Shadow, commissioned by the renowned and adventuresome cellist Matt Haimovitz, was premiered in July 2006 and received subsequent performances in Cöthen, Germany (the "Bach Meets America" Festival), on August 31 of that year and at more than 60 venues throughout the United States and Canada, including many non-traditional sites. It has been recorded by Haimovitz on the Oxingale label.

Spratlan's Concerto for Saxophone and Orchestra came about through a consortium commission by 30 saxophonists all over the country, organized by Ryan Janus of Colorado Springs, Colorado. It was premiered in Holland, Michigan, by Janus and the Holland Symphony Orchestra, Johannes Müller-Stosch, conductor, in November 2007, has been subsequently performed by Lynn Klock at the University of Massachusetts, and is currently booked for performances in Athens, Georgia, and Long Beach, California, during the 2008-09 season. Further performances will take place in 2010 and beyond.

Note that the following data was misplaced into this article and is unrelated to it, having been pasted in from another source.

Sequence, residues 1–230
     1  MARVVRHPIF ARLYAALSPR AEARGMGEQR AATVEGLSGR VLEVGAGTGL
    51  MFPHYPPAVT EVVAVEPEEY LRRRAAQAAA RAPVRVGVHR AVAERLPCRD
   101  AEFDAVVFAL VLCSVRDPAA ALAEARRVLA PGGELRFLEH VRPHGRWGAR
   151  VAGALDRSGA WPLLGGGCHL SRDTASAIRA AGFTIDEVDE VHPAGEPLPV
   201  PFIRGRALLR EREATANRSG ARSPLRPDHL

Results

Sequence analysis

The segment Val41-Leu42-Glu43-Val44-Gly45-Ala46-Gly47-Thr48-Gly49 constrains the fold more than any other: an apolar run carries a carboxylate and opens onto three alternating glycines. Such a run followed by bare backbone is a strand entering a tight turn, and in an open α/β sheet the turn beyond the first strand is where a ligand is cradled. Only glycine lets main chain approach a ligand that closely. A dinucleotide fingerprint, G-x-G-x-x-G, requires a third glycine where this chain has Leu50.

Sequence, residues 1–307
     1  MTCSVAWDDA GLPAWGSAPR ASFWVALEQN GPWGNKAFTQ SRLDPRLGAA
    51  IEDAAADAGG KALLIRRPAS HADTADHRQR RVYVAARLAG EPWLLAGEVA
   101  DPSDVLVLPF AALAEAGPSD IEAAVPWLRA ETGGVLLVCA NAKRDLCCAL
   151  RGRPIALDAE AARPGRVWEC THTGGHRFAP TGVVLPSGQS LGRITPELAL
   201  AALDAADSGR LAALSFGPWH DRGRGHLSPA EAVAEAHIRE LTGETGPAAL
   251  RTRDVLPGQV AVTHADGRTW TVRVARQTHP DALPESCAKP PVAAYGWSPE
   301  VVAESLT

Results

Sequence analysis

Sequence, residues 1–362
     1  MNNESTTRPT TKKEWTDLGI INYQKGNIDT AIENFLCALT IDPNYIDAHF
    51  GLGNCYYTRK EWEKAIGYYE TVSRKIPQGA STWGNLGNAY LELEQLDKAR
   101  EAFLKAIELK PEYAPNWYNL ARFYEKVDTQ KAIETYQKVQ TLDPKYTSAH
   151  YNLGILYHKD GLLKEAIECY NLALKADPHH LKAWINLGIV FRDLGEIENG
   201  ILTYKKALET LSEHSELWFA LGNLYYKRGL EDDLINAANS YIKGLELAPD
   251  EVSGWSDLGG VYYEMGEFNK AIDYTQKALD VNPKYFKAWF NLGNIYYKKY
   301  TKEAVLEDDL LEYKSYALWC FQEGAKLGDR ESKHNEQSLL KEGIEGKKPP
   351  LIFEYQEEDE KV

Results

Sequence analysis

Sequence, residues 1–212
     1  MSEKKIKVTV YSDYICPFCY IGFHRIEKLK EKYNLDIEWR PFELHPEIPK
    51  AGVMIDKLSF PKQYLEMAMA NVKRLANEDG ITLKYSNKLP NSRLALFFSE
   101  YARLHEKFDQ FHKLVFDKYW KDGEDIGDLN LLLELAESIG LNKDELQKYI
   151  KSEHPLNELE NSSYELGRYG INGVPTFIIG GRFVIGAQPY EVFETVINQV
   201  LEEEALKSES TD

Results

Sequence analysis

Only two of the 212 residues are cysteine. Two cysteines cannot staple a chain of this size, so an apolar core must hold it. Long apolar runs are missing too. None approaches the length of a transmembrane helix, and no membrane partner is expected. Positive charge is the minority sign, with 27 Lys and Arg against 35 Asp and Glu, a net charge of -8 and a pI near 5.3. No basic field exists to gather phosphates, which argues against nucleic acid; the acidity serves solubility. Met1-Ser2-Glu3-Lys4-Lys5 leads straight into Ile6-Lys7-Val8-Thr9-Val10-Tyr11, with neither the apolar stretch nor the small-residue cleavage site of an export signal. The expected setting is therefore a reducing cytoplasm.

In February 2008, Spratlan completed his latest opera, Wink: An Architect's Sounding Spaces, based on the life and works of the great architect Louis Kahn. The libretto, by Jenny Kallick, is inspired by the film "My Architect," by Kahn's son Nathaniel, and probes Kahn's obsessive quest for a kind of monumental perfection in architecture and its cost to his personal life. Intimate in scale, the opera is being prepared for release in a video, to be exhibited at numerous of Kahn's buildings, as well as staged performances.

Two choral works, Elephant Rocks, on texts by United States poet laureate Kay Ryan, and Four Songs for soprano and women's chorus, on poems by Brad Leithauser, will be premiered early in 2009. And A Summer's Day for orchestra, commissioned by the Boston Modern Orchestra Project, will be premiered in Boston on May 22, 2009, under the direction of Gil Rose. This work, together with Apollo and Daphne Variations and Concerto for saxophone and orchestra will be recorded by BMOP in the near future.

The Albany CD When Crows Gather and Other Works was released in February of 2005 and was named one of the five best classical CDs of the year by critic Anthony Tommasini in the New York Times. Other Spratlan works appear on the Koch International Classic, Opus One, Gasparo, and Oxingale labels, and In Memoriam and Streaming will be released in the Spring of 2009 on the new Navona Label, together with widespread internet presentation and PDFs of study scores.